Lord Wilson (Continued)asad-khan

On the issue of video link or Skype evidence, Lord Wilson held that although on screen evidence is not optimum it might be sufficient to make the appeal effective for art 8 purposes – if indeed the opportunity to give evidence in that way is realistically available. For an appeal to be effective, an appellant must minimally be provided the opportunity to give live evidence.

Lord Wilson concluded that the financial and logistical barriers to giving evidence on screen from abroad are almost insurmountable. DFAL certification failed to operate within a Convention-compliant system for the conduct of an appeal from abroad. The MoJ failed to provide appropriate facilities at hearing centres, or some access to such facilities abroad, to enable appellants to participate in the hearing and give live evidence.

Insurmountable difficulties also arose in obtaining supporting professional evidence from (i) a probation officer as to the risk of re-offending (ii) a consultant forensic psychiatrist about the magnitude of risk and (iii) an independent social worker about the quality and importance of the appellant’s relationships with family members.

Deportation under the DFAL regime interfered with the appellants’ art 8 rights, especially in connection to the aspect of their rights that militates that their challenge to a threatened breach of their rights should be effective. The executive failed to discharge the burden on it to establish that the interference was justified and did not blunt proportionality.

(ii) Lord Carnwath

In a concurring judgment, his Lordship described the drafting of the DFAL provisions as “awkward”. Even in the interim with an appeal pending, Richards LJ could not be faulted for according weight to the public interest attached by Parliament to a foreign criminal’s removal because his approach constituted “a natural extension” of Lord Reed’s “great weight” analysis in Ali.

Lord Carnwath agreed with Richards LJ that art 8 does not require access to the best possible procedure, but only access to an effective and fair procedure. His Lordship said that subjective issues requiring the appellant to give live evidence, such as his rehabilitation, are unlikely to impact the effectiveness of his appeal for art 8 purposes. There was considerable force in the executive’s counterpoint that the general application of the Ali criteria will require assessing undisputed factual matters which can be proved without the appellant’s direct evidence. Lord Carnwath’s interpretation of the Strasbourg jurisprudence did not support a general view that appellant’s oral evidence is a necessary part of an “effective” appeal in the sense contemplated by De Souza Ribeiro (which was interpreted restrictively in IR v UK [2014] ECHR 340).

However, exercising caution about “reaching a firm view” on the effectiveness of the appeals process because of his “very limited experience” of handling first instance appeals, Lord Carnwath nevertheless held that the executive’s fundamental problem was that it would be wrong in principle for her to dictate the conduct of the appellant’s case or the evidence on which he chooses to rely. The executive must be able, at the time of DFAL certification, to satisfy herself that the necessary facilities can and will be provided.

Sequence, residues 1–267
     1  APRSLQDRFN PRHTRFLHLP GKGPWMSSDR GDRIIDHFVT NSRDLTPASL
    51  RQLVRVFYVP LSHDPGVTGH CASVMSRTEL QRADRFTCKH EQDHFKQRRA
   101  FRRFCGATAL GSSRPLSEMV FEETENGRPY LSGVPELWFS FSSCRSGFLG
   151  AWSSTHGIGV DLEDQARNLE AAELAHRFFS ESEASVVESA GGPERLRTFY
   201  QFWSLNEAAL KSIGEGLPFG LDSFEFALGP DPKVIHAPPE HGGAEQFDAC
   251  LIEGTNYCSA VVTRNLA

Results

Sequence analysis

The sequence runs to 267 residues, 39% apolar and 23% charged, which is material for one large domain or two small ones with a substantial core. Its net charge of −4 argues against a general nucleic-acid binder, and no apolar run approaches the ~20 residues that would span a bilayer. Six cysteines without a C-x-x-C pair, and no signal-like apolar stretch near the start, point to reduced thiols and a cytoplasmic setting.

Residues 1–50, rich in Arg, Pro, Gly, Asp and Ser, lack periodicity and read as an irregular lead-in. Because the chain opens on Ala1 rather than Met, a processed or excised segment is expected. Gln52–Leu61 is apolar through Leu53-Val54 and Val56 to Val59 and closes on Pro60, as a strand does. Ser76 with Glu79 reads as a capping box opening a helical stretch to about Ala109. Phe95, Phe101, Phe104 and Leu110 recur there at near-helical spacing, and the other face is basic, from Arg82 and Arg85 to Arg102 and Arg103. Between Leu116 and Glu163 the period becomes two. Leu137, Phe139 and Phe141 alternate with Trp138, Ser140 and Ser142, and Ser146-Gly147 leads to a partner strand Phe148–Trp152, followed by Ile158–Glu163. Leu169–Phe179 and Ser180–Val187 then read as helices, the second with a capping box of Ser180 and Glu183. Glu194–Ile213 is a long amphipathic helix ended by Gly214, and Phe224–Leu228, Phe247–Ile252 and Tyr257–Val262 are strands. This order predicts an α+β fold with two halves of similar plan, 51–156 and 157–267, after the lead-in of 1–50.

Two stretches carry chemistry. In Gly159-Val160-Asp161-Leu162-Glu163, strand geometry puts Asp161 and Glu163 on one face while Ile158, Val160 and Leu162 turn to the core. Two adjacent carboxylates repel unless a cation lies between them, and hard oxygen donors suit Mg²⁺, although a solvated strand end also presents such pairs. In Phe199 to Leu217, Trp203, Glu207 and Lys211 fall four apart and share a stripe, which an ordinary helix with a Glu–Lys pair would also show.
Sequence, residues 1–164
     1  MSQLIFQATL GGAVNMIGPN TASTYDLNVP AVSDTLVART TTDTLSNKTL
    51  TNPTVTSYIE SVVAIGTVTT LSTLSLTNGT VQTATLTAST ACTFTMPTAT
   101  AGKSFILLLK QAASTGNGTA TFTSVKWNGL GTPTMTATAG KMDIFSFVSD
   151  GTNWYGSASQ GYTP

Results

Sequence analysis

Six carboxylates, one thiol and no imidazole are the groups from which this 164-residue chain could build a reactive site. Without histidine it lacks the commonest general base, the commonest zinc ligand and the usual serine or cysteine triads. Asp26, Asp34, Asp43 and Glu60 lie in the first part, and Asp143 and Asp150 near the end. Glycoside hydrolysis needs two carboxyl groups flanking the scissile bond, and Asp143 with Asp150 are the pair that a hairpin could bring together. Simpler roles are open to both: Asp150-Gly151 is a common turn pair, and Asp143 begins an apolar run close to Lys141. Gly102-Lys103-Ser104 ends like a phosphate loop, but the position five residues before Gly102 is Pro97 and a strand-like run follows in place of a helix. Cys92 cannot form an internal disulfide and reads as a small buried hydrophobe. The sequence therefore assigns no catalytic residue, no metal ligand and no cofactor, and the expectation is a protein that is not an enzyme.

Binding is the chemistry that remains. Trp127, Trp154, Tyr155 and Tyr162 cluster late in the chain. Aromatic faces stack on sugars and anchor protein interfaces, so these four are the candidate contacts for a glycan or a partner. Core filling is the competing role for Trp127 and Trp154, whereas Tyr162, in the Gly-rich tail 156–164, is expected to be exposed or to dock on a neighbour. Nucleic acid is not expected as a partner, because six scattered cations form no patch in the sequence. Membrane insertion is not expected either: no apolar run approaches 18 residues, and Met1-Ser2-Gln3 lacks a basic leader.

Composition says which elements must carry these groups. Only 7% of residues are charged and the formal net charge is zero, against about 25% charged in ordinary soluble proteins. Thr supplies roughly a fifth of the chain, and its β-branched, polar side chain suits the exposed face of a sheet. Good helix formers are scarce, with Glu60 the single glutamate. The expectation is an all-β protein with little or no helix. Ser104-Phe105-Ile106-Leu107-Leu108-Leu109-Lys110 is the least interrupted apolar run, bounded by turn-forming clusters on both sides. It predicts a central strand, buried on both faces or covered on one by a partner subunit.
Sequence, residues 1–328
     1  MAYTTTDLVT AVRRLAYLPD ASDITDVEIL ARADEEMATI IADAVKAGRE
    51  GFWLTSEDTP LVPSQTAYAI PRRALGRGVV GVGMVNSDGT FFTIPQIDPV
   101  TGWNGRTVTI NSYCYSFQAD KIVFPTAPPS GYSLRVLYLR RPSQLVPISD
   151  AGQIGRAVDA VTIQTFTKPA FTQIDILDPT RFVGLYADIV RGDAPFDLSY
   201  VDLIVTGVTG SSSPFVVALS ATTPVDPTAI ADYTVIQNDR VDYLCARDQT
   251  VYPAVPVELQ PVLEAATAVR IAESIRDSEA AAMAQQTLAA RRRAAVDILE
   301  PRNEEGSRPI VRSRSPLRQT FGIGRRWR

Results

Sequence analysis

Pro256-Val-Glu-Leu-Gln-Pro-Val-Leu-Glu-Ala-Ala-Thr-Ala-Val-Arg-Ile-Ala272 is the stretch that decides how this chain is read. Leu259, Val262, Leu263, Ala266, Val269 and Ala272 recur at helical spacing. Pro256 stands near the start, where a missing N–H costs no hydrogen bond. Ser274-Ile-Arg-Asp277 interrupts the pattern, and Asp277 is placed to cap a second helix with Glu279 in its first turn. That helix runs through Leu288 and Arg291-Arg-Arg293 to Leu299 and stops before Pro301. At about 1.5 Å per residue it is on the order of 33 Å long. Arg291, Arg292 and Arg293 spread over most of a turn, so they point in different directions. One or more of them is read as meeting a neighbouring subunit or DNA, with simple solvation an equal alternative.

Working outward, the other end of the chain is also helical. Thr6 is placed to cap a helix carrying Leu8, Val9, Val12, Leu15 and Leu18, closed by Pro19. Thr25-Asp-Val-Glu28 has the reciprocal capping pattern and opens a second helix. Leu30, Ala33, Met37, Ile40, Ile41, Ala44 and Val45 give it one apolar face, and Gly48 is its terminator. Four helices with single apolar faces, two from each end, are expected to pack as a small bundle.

The outcome of these appeals is clearly driven by Lord Wilson’s opinion that anyone resisting deportation faces “a formidable hurdle” and “needs to be in a position to assemble and present powerful evidence.” His ruling inflicts a damaging blow to the “flagship” status bestowed upon the 2014 Act, for which the DFAL system served as the standard-bearer. Equally, his stimulation of a “more proactive” approach to judicial review, or a standard of intensity beyond “anxious scrutiny”, is a testament to the revolutionary nature of the 1998 Act because it effectively ends the era of judicially “forbidden areas” in human rights cases by modifying – albeit not abrogating – traditional notions of the constitutional distribution of powers.

Addressing the testing concept of “very compelling reasons”, Lord Wilson also replicated the Strasbourg jurisprudence on deportation by focusing on factors such as (i) the depth of the deportee’s integration into the host society (ii) the quality of family relationships (iii) the extent of endurance of family relationships after deportation (iv) the need to safeguard and promote the welfare of any child (v) the strength of the obstacles to the deportee’s integration in the home country and (vi) any significant risk of re-offending. Because it rejected DFAL certification on a more fundamental basis, the court did not need to specifically consider Byndloss’s relationship with his children.

From Dec 2016, the scope of the s 94B power was expanded by the Immigration Act 2016, s 63. The sinister “remove first, appeal later” (RFAL) regime was not under challenge in these proceedings. RFAL allows decision-makers to certify any human rights claim, i.e. even in cases without any criminality and liability to deportation. Because it is unlawful just like its DFAL sibling, to prevent future confusion and illegality, Lord Wilson unambiguously warned decision-makers in advance that the court’s decision “will surely impact on the extent of its lawful exercise”.

Part One is here.

Originally posted here.